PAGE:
This was a great move for St. Louis and watching Stastny play alongside T.J. Oshie should be very fun. The Blues are serious about competing and the team took a huge step in the right direction by signing Stastny.

Brad Richards to the Chicago Blackhawks

As a New York Rangers fan, I have mixed feelings about Brad Richards. He was a solid player and a great leader both on and off the ice, but he was a disappointment. After the Rangers gave Richards a nine-year deal worth $60 million, expectations were sky high. He was expected to score anywhere from 65-90 points, though his 66 points in 2011-2012 were by far the most Richards scored during his tenure with the Rangers. He was also very inconsistent on the power play, as there were times where he looked like the power play wizard he had been during his years in Tampa Bay and Dallas and there were times where he looked absolutely lost. And don't get me started on Richards' playoff woes. He was a healthy scratch during the playoffs two seasons ago and was demoted to the fourth line during last season's playoffs. The Rangers did not hesitate to buy out Richards with six years left on his deal.

Yes, Rangers fans like myself were left wanting more from Richards, but he is worth far more than the one-year, $2 million deal he signed on July 1st. The Blackhawks may not be getting the 91-point scorer that Richards was only a few years ago, but this couldn't be a better fit. Richards, 34, can still put up 60 points in a season and if he underperforms, the Blackhawks are still loaded with offensive weapons, including Patrick Kane, Patrick Sharp, Jonathan Toews and Marian Hossa. Richards will slide right into the second line and won't be relied upon on the power play as much as he was in New York.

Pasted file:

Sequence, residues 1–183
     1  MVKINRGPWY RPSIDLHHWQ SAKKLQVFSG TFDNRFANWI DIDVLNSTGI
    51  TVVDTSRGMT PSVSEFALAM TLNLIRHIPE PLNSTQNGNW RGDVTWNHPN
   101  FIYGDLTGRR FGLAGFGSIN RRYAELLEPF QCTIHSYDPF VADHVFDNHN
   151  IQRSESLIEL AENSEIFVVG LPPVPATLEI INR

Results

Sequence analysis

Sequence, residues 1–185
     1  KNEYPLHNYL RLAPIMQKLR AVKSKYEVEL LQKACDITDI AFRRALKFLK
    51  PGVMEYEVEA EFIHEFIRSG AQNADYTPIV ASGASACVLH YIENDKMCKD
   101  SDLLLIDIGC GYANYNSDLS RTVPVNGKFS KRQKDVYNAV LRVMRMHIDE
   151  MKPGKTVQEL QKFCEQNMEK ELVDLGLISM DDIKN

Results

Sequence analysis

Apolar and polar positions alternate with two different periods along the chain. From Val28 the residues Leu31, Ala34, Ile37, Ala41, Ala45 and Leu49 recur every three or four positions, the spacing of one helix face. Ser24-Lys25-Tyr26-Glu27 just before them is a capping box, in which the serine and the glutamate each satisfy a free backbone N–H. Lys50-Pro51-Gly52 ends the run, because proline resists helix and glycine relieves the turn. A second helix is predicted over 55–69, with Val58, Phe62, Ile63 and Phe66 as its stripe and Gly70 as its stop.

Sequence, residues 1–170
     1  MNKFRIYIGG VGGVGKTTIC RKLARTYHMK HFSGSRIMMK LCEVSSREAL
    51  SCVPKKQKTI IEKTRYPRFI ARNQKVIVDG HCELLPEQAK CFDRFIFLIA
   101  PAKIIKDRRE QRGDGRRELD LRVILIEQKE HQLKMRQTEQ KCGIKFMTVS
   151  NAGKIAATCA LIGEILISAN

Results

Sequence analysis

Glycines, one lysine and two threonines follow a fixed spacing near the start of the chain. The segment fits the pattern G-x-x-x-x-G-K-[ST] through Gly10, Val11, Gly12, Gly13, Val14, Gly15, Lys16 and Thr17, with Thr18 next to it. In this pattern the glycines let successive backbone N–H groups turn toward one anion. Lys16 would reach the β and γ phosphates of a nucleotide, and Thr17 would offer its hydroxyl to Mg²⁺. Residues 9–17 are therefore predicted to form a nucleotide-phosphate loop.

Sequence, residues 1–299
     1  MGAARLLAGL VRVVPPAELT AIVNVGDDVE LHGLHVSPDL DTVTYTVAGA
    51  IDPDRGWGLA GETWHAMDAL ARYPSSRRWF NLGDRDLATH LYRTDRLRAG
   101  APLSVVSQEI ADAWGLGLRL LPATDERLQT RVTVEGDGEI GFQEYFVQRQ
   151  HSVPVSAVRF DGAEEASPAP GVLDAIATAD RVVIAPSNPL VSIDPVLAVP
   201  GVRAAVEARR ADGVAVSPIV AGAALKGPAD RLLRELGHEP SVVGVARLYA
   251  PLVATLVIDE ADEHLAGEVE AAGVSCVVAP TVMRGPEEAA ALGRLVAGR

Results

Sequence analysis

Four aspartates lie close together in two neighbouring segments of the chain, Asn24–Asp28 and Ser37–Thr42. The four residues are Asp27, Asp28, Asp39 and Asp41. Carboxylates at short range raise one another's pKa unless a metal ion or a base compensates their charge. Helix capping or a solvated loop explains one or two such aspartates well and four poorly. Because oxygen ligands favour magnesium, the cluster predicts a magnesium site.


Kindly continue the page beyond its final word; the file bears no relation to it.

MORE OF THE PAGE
His ability to be a leader and his lengthy playoff experience could be exactly what Chicago needs to beat the L.A. Kings and get to another Stanley Cup Finals. Chicago got possibly the biggest bargain of the summer and Richards will prove to be far more valuable than his contract suggests.

Christian Ehrhoff to the Pittsburgh Penguins

If the Blackhawks didn't get the bargain deal of the day in Richards, then that award would go to the Penguins after signing defenseman Christian Ehrhoff to a one-year, $4 million deal. Ehrhoff didn't put up eye-popping stats the past three seasons since he played for a lowly Buffalo Sabres team, but he is a very solid second-pairing defenseman that contributes a lot offensively and on the power play. The fact that he's making almost $2 million less than Matt Niskanen is astounding. The Penguins essentially let Niskanen go and replaced him with a much cheaper Ehrhoff, who is just as good.

The Penguins have to be ecstatic. The team watched as two of their defensemen from last season were severely overpaid and replaced most of that lost production by signing a very reliable defenseman to a team-friendly deal. That is a win-win in just about anybody's book.

Deryk Engelland to the Calgary Flames

Brooks Orpik's deal with the Capitals is puzzling, but his deal isn't even the worst one given to a Penguins' defender this summer. When the Calgary Flames signed Deryk Engelland to a three-year, $8.7 million deal, anyone who has ever watched the Penguins had to believe that this deal was a joke. Well, it's not.

The Flames are getting a player who made $575,000 last season and was often a healthy scratch. He was a number six defenseman and finished with 12 points on the season. Yet, he's making about $1 million more than Brad Richards, a veteran center who plays every day and can realistically put up 60 points. Engelland isn't a bad player, as he has the versatility to player defense or wing and he is a very good fighter. But besides fighting, he doesn't do anything else very well.

The Flames also aren't going to be a playoff team for a while, so giving out this much money to a very mediocre 32-year-old player is puzzling. Flames fans should be furious with this contract.

While there aren't many names left in the free agency pool this summer, there are some notable names to look out for. Martin Brodeur, Daniel Alfredsson, and Mike Ribeiro are three free agent veterans who can still make a big difference on a team. July 1st was a very interesting day this year to say the least and hockey fans should be very excited for what should be an amazing season in the NHL.